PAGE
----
Muzzle Blast
Brake or no brake, flash hider or bare muzzle, .308 always has more muzzle blast than .223 with an equivalent muzzle device.  Why does this matter in a match environment?  Shooting prone kicks up more dirt.  If there is too much dirt in the air it can be impossible to see the targets down range.  This happened to me several times while shooting .308 and I had to consciously pause for the dust to settle or spent more time hunting for the targets.  I have had this happen with .223 rifles as well, but it is much less common in the same conditions.  Using .308s in confined spaces is not pleasant.  Even with muffs and plugs ear protection.  The muzzle blast is much more capable of damaging props and barricades.

6a0133ec985af6970b01b7c72db410970b-800wiWindham Weaponry SRC-308

How is this relevant?
You may be thinking “I’ll never shoot matches, so why should I care”.  Here is why.  I never would have been able to categorically understand the liabilities of using a .308 had I not been forced to solve a wide range of shooting problems using one.  .308 no doubt has significantly better barrier penetration and terminal effect than .223, but is that worth the negatives?  That’s a question you have to answer for yourself by testing your rifle and yourself in practical conditions and considering your operating criteria.


Posted in Competitions, SCAR-H | 5 Comments

Ruger 10/22 Tactical Take Down with AGP Arms Stock Kit

In late 2011 AGP Arms of Tempe, Arizona released an aftermarket mod kit for the Ruger 10/22 to turn it into a take down rifle.  You can watch my original video on it here.  Ruger also released their own take down model not long after in 2012.  AGP unexpectedly was selling a lot of folding stock assemblies to people who bought factory take down rifles.  Unfortunately the front stock sections would not work with these without modifications.  AGP made a new stock fore end piece to work with the factory rifle so they could more easily sell their stocks to any owner of a Ruger 10/22 Take Down.  I got a 10/22 Tactical Take Down Model to try out with their new stock system.  Here I will discuss the features of the rifle as it comes as well as the AGP Arms stock kit.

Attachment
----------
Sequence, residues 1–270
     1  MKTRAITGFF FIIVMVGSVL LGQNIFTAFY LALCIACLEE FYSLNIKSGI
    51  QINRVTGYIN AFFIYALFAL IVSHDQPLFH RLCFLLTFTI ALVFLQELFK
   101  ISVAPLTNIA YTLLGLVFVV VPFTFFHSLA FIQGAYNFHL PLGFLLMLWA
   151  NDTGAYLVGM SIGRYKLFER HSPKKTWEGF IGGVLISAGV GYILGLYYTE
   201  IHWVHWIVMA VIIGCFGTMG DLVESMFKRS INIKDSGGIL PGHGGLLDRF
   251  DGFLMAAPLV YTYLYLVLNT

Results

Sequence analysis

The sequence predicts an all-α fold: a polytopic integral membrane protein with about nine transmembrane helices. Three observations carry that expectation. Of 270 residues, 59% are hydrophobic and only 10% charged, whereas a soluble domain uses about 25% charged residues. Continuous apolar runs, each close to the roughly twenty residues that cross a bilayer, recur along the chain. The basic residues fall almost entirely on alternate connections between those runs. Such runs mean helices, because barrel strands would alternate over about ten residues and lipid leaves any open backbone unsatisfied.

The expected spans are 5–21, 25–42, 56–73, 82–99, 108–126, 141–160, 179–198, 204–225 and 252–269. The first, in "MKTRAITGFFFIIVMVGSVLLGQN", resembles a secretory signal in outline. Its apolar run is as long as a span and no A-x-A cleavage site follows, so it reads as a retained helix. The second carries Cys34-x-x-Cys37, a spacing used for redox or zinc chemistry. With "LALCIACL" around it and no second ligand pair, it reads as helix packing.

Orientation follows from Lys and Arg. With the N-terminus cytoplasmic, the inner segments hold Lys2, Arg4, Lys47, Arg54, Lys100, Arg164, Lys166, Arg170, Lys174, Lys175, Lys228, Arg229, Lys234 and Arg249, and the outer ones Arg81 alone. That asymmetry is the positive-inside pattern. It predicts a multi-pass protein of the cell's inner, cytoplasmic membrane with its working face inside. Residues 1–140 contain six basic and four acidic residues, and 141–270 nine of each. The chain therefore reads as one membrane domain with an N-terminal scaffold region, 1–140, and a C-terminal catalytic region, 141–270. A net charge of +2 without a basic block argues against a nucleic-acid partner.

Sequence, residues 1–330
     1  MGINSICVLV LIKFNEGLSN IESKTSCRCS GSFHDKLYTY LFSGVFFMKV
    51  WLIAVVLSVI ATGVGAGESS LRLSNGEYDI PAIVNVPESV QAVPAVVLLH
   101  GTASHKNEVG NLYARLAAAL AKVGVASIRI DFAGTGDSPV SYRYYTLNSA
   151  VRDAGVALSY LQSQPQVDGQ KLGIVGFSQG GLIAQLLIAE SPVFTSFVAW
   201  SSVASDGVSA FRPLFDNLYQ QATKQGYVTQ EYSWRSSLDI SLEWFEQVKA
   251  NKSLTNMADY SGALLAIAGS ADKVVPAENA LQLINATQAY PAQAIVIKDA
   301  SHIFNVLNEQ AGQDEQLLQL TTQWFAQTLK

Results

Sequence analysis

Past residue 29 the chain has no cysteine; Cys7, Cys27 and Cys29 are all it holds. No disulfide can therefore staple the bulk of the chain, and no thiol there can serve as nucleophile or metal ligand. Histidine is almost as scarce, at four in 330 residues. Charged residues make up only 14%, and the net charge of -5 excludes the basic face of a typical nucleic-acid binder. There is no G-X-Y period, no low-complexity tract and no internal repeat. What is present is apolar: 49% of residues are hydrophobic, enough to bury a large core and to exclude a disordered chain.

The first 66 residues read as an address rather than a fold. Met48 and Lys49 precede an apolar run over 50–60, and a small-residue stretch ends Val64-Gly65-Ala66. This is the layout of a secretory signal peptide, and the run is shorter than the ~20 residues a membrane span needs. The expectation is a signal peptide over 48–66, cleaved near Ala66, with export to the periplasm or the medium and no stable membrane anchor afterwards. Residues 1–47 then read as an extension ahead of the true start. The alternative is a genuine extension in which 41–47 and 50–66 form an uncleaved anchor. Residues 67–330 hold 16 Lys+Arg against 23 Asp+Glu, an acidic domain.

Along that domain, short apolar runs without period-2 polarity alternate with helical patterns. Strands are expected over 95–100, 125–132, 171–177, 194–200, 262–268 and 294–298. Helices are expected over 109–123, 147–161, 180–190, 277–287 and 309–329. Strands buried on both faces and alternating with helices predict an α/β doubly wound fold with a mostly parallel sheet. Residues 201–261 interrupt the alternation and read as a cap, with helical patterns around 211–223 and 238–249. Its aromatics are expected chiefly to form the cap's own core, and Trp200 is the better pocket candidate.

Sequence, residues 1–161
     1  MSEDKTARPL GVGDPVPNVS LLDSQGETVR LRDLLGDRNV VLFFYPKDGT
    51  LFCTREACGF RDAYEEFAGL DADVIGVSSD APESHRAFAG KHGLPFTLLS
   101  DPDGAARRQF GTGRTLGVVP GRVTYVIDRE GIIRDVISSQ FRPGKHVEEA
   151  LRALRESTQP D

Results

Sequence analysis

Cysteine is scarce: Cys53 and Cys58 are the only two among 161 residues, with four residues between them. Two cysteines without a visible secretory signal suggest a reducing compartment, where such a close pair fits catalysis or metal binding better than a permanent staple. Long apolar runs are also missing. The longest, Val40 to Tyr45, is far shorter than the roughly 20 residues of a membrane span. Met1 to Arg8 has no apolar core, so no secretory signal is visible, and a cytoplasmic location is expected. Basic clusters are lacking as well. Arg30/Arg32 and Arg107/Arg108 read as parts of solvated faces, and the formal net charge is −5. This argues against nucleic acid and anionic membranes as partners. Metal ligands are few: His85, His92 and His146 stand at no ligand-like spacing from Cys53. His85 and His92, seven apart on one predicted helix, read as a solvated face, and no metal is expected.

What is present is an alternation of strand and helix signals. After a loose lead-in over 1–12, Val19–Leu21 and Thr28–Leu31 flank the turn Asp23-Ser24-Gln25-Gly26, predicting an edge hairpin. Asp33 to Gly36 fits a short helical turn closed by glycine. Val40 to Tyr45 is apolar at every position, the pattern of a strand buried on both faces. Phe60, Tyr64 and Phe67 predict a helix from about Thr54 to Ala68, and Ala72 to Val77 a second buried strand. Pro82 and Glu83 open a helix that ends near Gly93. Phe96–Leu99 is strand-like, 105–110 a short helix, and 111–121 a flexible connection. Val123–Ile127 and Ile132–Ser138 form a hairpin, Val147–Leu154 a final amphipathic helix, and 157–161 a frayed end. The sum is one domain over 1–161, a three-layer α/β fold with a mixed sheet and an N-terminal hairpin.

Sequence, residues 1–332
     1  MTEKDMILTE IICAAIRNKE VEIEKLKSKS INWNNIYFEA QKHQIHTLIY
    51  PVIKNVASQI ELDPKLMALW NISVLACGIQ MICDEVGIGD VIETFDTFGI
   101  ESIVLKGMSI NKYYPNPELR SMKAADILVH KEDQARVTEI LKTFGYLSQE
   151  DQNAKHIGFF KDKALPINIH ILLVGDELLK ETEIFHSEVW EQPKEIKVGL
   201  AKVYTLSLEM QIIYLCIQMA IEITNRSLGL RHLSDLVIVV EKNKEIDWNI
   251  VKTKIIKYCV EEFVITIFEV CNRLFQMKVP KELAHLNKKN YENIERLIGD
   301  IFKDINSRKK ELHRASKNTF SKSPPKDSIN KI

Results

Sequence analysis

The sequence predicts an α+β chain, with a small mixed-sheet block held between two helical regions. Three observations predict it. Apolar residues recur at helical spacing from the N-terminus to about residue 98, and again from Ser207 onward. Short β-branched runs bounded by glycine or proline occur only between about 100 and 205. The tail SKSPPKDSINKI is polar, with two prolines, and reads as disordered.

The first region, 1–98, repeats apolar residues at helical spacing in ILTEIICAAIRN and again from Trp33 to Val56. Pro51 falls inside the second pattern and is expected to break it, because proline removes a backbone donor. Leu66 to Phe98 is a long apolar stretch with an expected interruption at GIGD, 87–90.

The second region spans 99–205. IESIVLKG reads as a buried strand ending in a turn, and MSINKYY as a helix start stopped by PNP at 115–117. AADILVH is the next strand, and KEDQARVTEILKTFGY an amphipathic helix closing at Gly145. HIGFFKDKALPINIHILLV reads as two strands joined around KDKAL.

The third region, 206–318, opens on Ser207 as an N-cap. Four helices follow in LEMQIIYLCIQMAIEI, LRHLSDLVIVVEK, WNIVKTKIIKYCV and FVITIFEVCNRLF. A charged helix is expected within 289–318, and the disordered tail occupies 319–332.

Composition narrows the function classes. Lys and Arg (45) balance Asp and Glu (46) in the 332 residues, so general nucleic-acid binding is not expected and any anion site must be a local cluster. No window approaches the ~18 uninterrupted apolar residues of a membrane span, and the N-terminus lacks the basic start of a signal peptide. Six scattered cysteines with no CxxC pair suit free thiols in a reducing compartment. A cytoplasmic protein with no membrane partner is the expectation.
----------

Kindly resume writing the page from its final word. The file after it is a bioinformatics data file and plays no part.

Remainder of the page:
From the Factory

IMG_6912 The rifle comes in a nice bag that makes carrying it in the disassembled state easy.  The dimensions of the bag are approximately 22.5″x8.5″x7.5″.  It can stretch out a bit further if necessary.  At the top are two carry handles that would be useful for pulling it out of a storage bin or from behind the seat of a truck.  On the back are 4 d-rings that the included carry strap can attach to at two points to wear over one shoulder.  If one were so inclined a second strap could be added to carry it backpack style.  The bag features two external pouches.  The bottom pouch has two pockets for BX-25 magazines, though you could probably fit 3-4 in there if you do not use the dividers.  The top pouch is the right size for the owners manual and more ammo or cleaning supplies. The only real criticism I have of the case is I wish they had not put MOLLE on the bottom pouch or the Ruger logo on the top.  The case is fairly benign looking otherwise and could pass for a tripod case or camera bag.  Not alerting your neighbors you own guns every time you go to the range can be a good thing for some people depending on where they live. IMG_6935IMG_6933 The two halves of the rifle fit neatly into their separate compartments.  The compartments are padded to protect the rifle from wear in transport. IMG_6924 The components of the rifle outside of the bag.  The rifle comes with one 10 round magazine. IMG_6902 An optional weaver style rail is included.  I would recommend replacing this with an aftermarket M1913 picatinny rail if you want to run a wider range of optics.  Take care when installing the screws not to over torque them and strip them out.  The Iron Sights are a bit too low to work with the rail mounted.  Note the silver tensioning nut that must be adjusted for the barrel to attach properly.  IMG_6927 The rifle assembled.IMG_6931 The sticker that comes on the buttstock explains the disassembly process.  The magazine must be out with the bolt locked back to disassemble the rifle. IMG_6919 The rifle receiver and barrel with the stock removed to illustrate how the take down system works. IMG_6921 With the bolt locked back and the magazine removed, push forward on the take down lever and twist the fore end clockwise to unlock the barrel.  Then simply slide it forward to remove it.

AGP Arms Folding Stock and Accessories